plastic card into two strips as shown above left, and I taped these either side
of the ankle joint. Note: The tape has to be
pulled tight so that everything is held secure.
In the third picture above I have placed the boot
back onto the foot and tied the laces, this is the second attempt I have done
with this method. Because with the first one I tried with the strips, I made
them too wide so they showed the shape of the strips through the boot sides. So
these strips were cut slightly thinner, so they do not show through the boots.
In the final picture above I have the figures posed on the base, and they now
stand a lot better.
To finally make sure that the figures are able to
stand in the position I want them in, I have used an idea I first saw mentioned
by Tony Barton. In the pictures above I have cut two pieces of strong wire to
about 30mm long with the ends filed to a slight point, I then marked where the
centre of heels of the standing figure will be, and I then drilled two holes in
the base and fixed the wire into them. I then drilled two holes into the heels
of the figure, and then placed them onto the protruding wire. The last picture
above shows the figure now standing on it's own on the base.
Equipping the figures
pictures above are of the figures with the belt kit added, with the medic figure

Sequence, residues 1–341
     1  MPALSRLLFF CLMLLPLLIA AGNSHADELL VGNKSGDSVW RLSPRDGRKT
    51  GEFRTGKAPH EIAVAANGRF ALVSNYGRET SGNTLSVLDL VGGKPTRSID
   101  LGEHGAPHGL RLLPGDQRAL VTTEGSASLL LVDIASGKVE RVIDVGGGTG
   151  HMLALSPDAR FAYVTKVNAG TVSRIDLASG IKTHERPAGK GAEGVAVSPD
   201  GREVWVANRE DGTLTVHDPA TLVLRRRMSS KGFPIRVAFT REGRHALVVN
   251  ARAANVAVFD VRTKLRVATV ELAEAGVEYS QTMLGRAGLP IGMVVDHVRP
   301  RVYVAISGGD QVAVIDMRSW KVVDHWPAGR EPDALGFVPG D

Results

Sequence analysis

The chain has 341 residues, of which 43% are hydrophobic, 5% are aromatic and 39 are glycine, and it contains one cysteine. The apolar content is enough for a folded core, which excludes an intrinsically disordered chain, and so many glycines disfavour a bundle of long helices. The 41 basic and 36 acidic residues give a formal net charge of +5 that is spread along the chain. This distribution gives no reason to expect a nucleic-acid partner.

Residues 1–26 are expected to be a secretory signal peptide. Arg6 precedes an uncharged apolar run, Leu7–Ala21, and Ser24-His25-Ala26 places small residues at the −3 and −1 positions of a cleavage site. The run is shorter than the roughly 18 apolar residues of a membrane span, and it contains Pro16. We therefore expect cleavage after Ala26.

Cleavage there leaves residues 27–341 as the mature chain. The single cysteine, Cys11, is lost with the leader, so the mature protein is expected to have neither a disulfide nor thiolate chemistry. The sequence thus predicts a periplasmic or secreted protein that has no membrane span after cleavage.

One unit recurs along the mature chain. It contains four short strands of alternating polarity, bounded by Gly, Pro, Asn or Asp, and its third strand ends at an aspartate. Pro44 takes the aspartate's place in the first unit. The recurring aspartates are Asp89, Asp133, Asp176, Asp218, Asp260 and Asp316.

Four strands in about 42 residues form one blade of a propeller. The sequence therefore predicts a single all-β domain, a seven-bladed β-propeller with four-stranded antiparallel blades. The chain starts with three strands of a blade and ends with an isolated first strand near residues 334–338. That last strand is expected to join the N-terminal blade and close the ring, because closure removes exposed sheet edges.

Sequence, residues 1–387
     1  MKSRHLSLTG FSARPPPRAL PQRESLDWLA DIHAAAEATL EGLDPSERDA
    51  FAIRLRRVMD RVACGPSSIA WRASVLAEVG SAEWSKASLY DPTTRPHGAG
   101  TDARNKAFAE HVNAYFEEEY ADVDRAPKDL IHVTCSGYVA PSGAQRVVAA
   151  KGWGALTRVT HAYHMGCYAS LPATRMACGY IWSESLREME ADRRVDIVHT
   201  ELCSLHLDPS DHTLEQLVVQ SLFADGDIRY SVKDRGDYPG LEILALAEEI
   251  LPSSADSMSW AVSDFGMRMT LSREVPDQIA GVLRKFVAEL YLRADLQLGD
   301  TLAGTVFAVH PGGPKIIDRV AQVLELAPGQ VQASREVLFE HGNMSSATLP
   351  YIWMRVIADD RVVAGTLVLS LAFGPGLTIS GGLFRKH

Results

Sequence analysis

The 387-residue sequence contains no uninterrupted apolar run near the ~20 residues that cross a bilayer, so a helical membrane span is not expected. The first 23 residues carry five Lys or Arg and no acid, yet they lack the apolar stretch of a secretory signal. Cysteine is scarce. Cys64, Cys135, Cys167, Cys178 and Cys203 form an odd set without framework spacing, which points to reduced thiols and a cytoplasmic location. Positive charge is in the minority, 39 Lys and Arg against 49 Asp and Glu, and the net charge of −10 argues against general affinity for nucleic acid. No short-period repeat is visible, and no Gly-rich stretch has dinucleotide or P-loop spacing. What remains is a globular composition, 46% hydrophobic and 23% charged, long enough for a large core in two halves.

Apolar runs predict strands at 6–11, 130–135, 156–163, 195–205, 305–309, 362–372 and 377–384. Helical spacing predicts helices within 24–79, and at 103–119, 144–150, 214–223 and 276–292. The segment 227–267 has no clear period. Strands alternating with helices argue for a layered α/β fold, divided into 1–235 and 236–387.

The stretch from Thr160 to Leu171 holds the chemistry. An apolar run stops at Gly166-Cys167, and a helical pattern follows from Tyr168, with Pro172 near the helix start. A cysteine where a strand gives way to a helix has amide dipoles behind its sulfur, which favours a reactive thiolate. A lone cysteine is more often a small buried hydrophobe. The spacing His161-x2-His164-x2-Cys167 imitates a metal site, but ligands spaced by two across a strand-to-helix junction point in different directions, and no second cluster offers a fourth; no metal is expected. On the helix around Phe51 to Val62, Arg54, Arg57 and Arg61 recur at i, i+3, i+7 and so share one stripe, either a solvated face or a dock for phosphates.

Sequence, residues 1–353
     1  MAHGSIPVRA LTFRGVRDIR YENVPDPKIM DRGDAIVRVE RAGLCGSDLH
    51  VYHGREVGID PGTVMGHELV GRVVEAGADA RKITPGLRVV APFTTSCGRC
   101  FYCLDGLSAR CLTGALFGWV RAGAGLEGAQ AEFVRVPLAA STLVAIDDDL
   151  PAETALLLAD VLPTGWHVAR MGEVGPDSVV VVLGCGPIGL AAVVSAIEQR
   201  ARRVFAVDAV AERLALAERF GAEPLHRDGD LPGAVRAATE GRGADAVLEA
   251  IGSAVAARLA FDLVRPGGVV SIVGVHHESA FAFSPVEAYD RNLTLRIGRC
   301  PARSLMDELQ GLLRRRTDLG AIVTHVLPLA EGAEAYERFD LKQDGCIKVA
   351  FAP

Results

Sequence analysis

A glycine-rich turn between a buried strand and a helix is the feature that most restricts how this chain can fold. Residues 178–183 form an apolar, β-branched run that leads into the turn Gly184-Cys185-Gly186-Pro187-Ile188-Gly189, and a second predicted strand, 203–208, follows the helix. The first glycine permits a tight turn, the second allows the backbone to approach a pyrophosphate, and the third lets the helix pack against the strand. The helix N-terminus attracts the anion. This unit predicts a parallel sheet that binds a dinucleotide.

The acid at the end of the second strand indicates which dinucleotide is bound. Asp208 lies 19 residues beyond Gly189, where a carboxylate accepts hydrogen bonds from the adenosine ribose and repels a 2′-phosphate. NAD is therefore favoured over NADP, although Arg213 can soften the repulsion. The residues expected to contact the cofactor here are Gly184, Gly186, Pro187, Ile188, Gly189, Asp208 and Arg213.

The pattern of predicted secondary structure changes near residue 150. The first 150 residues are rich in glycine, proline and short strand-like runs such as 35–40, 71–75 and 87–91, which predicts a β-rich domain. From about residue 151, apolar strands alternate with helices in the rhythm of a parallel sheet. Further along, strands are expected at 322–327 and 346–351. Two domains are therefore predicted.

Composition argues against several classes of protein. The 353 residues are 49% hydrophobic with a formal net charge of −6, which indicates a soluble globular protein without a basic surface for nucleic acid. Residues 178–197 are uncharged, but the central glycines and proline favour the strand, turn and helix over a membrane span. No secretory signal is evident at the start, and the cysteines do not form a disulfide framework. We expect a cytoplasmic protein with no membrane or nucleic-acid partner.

I also used a spare pair of medical pouches and webbing support. One of these is
shown on the right with a combination of Dragon medical kit, plus some boxes I
made up from a sheet Paul sent to me. Along with some US medical parts I
One Sixth Scale King on ebay. The medic's helmet is the one from the Albert
Ross figure, with some red cross decals I made applied to the sides.
Note: I still have to add the musette bag to
the casualty, plus add some metal tab ends to some of the pack straps.
I have also assembled the figures into the poses I
want and I have used some diluted PVA glue on the uniforms, because I want to
set the folds to make them look realistic as with the medic where he is holding
onto the casualty's jacket. I also wanted the medic figure to have a pair of
scissors hanging around his neck, but I just could not get them to look right.
So I have tied a piece of thread to them with a torch on the end to add some
weight, and I then used the PVA glue on the scissors thread so that it now hangs
Note: The torch and extra thread will
be removed later.
With the base I thought that it looked a little empty as it was, and I came up
with the idea for the for the medic to be walking on some of the wooden debris.
So I put a small hole in a piece of the painted balsa wood, and then placed it
on the metal pegs for the soldiers boots. And onto this I then placed the
medic's boots, so it looks like he is now stepping onto the wood. To keep some
of the wooden debris and the paper in place on the cobbles, I have used some
double sided tape on the bottom of them.
Finishing the base and figures
These pictures are of the finished diorama, and
for the casualty's injury I have gone for a knee injury which has had to be
splinted. As I did not want to get too gory with it, plus it helps to explain
why the figure is being carried.
Many thanks to Ed (1stlooey)
for the help with this kitbash and allowing me to show how he did his
And to Eduardo (egonzinc)
for his very detailed help with how he made his British airborne figure kitbash.
And Paul (.308)
for his very helpful assistance with making the base and with the medical boxes.